88. As stated above, it is quite common to add a Codetta, or even more than one, to the Subordinate Theme. This may consist of any thematic material, wholly new, or more or less directly related to or derived from the foregoing. But it is perhaps most common and effective to borrow it from motives of the Prin. Theme (as in Beethoven, op. 2, No. i, Adagio, meas. 27-29). The Codetta is generally a comparatively brief phrase, of two or four measures, and is, as a very general rule, duplicated. (If there are two Codettas, the first one is likely to be longer, four or eight measures,

duplicated as usual.)

The
followed
(if

duplication may have the complete tonic cadence, and be by the independent retransition. But it is more natural
it

necessary

forming

see par. 876) to dissolve this duplication, thus transSee Ex. 44, into the "first act' of retransition. applied to
'

the second Codetta.


If the

Subord. Theme, and therefore

its

Codetta,

is

key, then, as

shown

in par. 87^, the retransition will

in the dominant be limited to its

"second act" alone.

end

of Subord.

Theme

EETHOVEN,

Ex.

48.

Rondo, op. 51, No. See the original.

cad.

Par. 89.

THE FIRST

m s
Retransition
(

E^ffl

"second act")

Dominant

(of

C)
Prin. Th.

etc.

*i) This F-natural initiates the actual transitional


tonic, G, into

movement, by changing the

a dominant

(of C).

ition

See also: Beethoven, Sonata, op. 2, No. i, Adagio, meas. 27-31; the retransis merely bridging, in meas. 31, with insertion of the dominant-yth, ZJ-flat.

89. When, on the other hand, the Subord. Theme does not close with a complete tonic cadence (be it in its own, or some other, key), it is because the principle of "dissolution" has been active. This

method

is less clear,

to the hearer,

who

profits

because definite cadences are of great assistance but it may by distinct structural outlines,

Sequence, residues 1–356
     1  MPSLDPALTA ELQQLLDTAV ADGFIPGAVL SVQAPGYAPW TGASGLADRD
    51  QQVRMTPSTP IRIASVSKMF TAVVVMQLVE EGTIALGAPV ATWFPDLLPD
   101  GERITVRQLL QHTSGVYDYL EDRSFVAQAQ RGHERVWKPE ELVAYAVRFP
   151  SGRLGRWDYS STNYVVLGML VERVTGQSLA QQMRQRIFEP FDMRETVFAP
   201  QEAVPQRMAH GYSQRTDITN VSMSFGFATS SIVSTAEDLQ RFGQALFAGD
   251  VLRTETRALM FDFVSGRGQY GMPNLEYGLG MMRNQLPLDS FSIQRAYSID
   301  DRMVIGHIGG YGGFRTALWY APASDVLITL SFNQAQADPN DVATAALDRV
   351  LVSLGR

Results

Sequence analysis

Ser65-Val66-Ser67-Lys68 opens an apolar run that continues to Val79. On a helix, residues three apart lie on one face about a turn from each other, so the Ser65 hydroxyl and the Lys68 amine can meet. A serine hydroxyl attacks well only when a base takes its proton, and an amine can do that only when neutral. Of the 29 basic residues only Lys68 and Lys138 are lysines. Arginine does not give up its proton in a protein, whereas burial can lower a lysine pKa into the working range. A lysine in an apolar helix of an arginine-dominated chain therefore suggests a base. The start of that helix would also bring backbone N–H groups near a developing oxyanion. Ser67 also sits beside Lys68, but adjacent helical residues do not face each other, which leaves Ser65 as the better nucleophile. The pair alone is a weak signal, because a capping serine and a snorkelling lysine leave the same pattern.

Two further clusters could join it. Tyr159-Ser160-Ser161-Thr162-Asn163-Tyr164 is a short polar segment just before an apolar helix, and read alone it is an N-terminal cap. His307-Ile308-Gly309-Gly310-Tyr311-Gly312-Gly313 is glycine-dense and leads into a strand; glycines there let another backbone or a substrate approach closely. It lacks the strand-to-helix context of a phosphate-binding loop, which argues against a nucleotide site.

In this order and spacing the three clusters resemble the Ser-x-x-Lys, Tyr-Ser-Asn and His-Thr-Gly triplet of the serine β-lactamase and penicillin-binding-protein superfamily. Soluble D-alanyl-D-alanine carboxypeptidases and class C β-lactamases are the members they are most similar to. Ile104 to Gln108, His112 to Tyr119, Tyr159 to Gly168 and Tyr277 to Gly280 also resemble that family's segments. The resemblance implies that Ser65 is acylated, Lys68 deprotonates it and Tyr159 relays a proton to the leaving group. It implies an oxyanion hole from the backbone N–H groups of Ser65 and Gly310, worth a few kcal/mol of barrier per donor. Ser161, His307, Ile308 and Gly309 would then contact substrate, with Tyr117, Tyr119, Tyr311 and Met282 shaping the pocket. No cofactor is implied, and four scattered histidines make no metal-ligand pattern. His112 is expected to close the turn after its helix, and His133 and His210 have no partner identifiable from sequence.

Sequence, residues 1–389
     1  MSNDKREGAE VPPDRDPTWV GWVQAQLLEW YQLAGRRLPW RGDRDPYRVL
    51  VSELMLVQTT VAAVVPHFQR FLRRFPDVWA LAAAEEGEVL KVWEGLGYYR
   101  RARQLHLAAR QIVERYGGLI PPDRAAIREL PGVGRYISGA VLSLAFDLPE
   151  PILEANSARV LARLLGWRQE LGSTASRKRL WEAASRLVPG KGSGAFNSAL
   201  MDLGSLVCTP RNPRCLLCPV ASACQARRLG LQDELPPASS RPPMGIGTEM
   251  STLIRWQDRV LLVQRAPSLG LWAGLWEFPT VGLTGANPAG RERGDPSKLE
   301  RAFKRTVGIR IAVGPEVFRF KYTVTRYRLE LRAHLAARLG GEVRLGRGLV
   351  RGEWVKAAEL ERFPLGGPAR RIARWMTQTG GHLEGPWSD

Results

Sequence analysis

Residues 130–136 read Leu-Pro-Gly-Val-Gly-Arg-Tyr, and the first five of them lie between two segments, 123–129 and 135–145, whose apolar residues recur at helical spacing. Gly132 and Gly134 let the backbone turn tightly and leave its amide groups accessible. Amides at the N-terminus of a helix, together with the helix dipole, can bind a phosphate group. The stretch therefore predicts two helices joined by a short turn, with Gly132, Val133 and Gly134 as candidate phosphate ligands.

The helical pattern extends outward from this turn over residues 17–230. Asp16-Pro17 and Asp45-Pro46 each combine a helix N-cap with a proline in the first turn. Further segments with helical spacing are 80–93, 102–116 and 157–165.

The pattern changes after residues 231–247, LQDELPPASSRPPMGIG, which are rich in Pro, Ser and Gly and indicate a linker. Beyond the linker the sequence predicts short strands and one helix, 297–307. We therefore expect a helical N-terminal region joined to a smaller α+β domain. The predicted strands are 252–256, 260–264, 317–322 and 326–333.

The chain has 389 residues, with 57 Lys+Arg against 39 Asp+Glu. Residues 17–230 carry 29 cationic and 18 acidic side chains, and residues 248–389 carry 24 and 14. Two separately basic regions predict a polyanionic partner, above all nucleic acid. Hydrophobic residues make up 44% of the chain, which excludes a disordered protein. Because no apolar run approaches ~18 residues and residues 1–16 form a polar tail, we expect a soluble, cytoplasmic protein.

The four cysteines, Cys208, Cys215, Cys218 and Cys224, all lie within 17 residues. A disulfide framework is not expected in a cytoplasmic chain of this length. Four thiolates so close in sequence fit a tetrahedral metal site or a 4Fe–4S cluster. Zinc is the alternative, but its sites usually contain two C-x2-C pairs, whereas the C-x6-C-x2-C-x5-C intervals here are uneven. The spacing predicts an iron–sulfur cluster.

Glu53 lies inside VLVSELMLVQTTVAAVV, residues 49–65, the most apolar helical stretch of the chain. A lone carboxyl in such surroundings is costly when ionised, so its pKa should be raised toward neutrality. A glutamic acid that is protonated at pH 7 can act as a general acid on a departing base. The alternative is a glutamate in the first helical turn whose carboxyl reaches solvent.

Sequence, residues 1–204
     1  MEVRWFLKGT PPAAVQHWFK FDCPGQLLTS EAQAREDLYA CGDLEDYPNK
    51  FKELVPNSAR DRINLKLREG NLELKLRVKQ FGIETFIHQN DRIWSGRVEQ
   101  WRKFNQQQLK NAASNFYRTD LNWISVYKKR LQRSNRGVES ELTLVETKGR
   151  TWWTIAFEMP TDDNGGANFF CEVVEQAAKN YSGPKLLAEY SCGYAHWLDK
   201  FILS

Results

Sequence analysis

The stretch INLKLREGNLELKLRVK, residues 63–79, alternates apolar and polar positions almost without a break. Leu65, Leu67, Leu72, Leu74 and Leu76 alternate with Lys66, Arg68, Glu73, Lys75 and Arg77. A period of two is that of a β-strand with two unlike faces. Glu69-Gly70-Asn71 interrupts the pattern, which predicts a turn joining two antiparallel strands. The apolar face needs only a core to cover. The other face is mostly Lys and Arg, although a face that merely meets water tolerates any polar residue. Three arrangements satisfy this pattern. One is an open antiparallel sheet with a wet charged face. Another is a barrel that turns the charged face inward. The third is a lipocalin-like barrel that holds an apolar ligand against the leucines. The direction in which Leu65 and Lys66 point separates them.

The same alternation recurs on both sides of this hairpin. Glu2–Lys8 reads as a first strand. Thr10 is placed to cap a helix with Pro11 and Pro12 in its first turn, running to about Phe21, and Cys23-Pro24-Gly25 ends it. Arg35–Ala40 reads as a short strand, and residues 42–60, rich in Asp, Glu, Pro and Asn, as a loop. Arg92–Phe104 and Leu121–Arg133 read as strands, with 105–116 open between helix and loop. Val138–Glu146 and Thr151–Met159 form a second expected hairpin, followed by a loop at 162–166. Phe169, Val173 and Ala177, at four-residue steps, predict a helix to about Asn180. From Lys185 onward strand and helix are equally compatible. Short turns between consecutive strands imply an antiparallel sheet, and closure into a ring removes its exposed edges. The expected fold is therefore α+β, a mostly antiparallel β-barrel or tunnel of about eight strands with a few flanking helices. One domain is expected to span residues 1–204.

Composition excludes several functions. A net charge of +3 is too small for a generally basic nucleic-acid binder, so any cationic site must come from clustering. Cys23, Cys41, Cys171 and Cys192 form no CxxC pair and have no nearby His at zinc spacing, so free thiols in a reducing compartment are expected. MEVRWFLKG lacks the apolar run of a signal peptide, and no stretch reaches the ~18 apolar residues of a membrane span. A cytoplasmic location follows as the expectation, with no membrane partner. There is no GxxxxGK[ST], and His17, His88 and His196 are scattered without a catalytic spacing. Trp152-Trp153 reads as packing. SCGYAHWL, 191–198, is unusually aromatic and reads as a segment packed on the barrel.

artistic,

effective, and is, of course, more more complete continuity. (Compare par. phrase of the Subord. Theme, in this case, is

be quite as

as

it

establishes

197,

No.

i.)

The

final

dissolved,

and

this disso-

modulatory deflection) constitutes, as usual, the "first act" dominant (or whatever may be chosen as leading factor), whose prolongation covers the "second
lution (or
of retransition, leading to the prospective

act."
See Ex. 39, No.
2;

and the following:

120

THE LARGER FORMS OF MUSICAL COMPOSITION.


Subord. Th. Phrase 1(4 measures)

Par. 89.

BEETHOVEN,
Sonata, op.
7,

Largo.
;

See Ex.

and the

36, No. 2 original.

etc. to

dissolved ("first act " of retransition

tion (" second act ")


.8....

Dominant

(of

C)

-*

PP

See the original

Par. 89.

THE FIRST RONDO FORM.


Section 2
Section 3

121

and last one of *i) The Subord. Th. is a Group of (3) phrases, the third which (patterned after the first one) is dissolved, as shown, and thus led to a cadence upon G, the dominant of the coming Theme.
is unusually elaborate, and separates into three sufficiently This would not appear to have been necessary; but the creative imagination of the tone-master dictated it; and it serves to illustrate and confirm the countless ways in which a fundamental principle may be carried out. Section i

*a)

The

retransition

distinct sections.

sways around the dominant, G, and then


*3) Section 2
is

slips

away from

it

to return, soon.

an allusion (only) to the principal melodic member, in a remote key, and fragmentary. This insertion, very characteristic of Beethoven, must not be Section 3 returns to the dominant, and prohastily called the "Principal Theme." longs it, quite steadily, up to the announcement of the Prin. Theme. See par. 123.